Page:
Applying PESTEL is fairly simple: Of the nine
steps to do a SWOT described below, only
steps 2 and 5 are done differently when using
PESTEL. An extensive set of PESTEL
questions is provided in Annex 2 (see below),
to help participants identify more quickly and
easily the relevant factors in each of its six
domains. If youre short of time, you can just do
a SWOT. But if time permits, then applying
PESTEL and SWOT together results in a
stronger analysis, a better understanding of the
current situation, and the potential for improved
decision-making.

Applications and benefits


SWOT (and, where possible, PESTEL) can be
applied for the following purposes:

Creating, or helping create, a strategic

plan or an action plan when launching a


project/initiative. This is perhaps the most
common application of SWOT.

Weighing the pros and cons of major

decisions. For example, use them to help


decide on whether to create or join in a new
initiative, to establish a significant new
partnership, to implement new methods or
tools (technological or non-technological), to
help plan a reorganization, to assess use of
resources and decide on how to improve
operational efficiency, etc.

Reviewing positioning on an ongoing

project/initiative at a key moments of reflection,

........................................................................................................................

identifying specific relevant factors (such as

identifying needed change in the approach or


methods being used, and making adjustments.
SWOT and PESTEL are flexible: They can be
applied for planning or decision-making concerning
an entire project/initiative, or alternatively it can be
used to focus on specific stages or components of
a project. For example, if you are working on an
immunization campaign, you could address all the
various programmatic aspects (supply and cold
chain, any needed training of health workers,
collaboration with government and partners, public
communication, etc.) in a single SWOT, or you
could break out the public communication aspect
and deal with that separately from the other
aspects.
Similarly, SWOT and PESTEL can be applied to
large or small (but significant) projects or
decisions. If time is very limited, or for small
projects, do a quick SWOT in an hour
(remembering to identify the Opportunities and
Threats first, and then the Strengths and
Weaknesses). With more time, or for
projects/decisions with larger implications, do a full
SWOT and PESTEL in about 3 hours, plus
preparation time. With even more time, or for very
significant projects/decisions, expand the time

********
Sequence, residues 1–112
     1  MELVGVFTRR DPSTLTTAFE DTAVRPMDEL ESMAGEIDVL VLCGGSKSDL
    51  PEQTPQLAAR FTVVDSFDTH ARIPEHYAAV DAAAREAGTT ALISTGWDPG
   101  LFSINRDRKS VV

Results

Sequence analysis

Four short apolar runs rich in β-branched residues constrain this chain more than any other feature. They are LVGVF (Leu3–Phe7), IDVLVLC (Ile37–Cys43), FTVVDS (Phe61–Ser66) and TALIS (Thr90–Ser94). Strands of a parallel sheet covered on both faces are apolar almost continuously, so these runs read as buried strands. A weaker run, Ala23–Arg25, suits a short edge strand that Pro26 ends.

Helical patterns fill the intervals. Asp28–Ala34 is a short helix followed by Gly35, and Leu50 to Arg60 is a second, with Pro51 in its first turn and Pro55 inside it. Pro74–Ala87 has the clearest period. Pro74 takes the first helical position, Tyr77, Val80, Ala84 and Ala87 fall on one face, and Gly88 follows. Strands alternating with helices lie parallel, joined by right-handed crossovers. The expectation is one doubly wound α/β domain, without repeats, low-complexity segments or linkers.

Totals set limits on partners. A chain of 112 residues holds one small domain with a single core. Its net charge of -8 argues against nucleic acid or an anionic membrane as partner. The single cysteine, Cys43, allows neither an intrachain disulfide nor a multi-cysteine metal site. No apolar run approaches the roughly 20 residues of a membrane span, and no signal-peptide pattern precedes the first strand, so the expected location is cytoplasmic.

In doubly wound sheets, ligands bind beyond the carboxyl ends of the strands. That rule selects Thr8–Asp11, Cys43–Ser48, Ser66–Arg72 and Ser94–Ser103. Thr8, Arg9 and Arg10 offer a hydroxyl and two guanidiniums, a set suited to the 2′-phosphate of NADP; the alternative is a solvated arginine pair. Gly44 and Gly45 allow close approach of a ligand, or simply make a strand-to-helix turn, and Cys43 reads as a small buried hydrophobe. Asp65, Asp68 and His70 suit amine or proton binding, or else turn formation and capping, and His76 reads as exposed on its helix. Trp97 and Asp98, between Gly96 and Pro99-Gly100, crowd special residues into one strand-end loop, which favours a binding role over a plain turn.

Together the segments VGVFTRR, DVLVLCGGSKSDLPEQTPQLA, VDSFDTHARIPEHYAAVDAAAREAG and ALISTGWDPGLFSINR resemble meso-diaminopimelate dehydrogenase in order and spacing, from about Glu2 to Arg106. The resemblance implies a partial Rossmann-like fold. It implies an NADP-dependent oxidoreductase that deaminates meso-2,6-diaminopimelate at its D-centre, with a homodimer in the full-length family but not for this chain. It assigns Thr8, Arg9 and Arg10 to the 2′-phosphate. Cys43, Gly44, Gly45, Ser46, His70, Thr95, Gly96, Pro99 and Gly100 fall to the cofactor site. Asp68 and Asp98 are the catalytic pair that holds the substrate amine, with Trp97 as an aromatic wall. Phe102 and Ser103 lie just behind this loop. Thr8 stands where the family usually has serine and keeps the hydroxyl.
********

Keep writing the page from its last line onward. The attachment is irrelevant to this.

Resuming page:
accordingly, up to a full day workshop.
For a simple issue or question, SWOT and
PESTEL may provide sufficient basis for making
final decisions or creating an action plan. For
complex questions, SWOT and PESTEL will at
least lay a solid foundation, at low cost, for any
further in-depth research and analysis that may be
required. Prioritization of the issues in a PESTEL
and SWOT is typically quick and may need to be
refined when dealing with a really complex
challenge.
The fact that SWOT and PESTEL are group
processes means that they also offer the following
benefits:

The breadth of perspectives in the group will

make the analysis broader and deeper than what

SWOT and PESTEL / Tools / UNICEF KE Toolbox | 3

and will help overcome individual bias and


limited viewpoints.

The process will help get a team onto

the same page by creating a shared


understanding of the project context and key
external and internal factors. SWOT
participants often report being surprised by the
views of others on even simple issues and
challenges. It is best to surface those surprises
early before they can impede effective action.

The process will also start the key

conversations that are needed to achieve


project success. The connections and
conversations can continue as needed after the
SWOT concludes, throughout the duration of
the project.

HOW TO APPLY
The following are the steps for a SWOT. The
more time you have for the SWOT, the more
time you should spend on the analysis and
discussion steps (steps 5-9 below). If you are
doing PESTEL, a little additional preparatory
research will be needed before the session.

Prepare in advance

1. Prepare a clear, brief draft statement of


the project objectives/decision to be
analysed in the SWOT. The statement should
consist of only a few sentences. If you already
have a project plan or proposal that is longer
than one page, shorten it for purposes of the

........................................................................................................................

an individual could produce in the same time,

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SWOT. You dont need to capture every detail:


include only the essence of the project objectives
and expected outcomes or of the decision that is
under consideration.

.......................................

2. Invite participants (about 8-12 for a normal